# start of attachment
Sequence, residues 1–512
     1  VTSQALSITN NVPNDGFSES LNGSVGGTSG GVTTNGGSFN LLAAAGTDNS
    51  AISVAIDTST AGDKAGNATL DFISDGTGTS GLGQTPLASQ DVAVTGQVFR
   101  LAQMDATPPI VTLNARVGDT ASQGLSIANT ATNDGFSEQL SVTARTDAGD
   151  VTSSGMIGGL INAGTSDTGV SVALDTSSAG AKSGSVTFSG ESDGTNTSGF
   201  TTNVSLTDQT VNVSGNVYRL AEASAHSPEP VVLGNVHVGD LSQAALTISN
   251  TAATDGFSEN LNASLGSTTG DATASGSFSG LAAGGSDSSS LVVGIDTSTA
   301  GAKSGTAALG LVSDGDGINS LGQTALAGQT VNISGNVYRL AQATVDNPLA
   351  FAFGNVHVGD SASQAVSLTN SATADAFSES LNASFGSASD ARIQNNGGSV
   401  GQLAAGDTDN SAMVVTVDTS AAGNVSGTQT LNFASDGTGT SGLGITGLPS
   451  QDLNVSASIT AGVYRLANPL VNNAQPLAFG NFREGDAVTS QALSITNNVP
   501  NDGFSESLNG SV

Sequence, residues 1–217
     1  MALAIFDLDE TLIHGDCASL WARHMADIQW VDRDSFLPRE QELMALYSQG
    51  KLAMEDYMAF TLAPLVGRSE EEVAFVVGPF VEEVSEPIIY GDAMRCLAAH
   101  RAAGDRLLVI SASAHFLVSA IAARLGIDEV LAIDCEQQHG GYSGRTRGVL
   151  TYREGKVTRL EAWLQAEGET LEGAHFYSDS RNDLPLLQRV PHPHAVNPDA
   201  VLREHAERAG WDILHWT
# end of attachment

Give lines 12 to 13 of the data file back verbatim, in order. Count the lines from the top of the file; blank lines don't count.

   501  NDGFSESLNG SV

Sequence, residues 1–217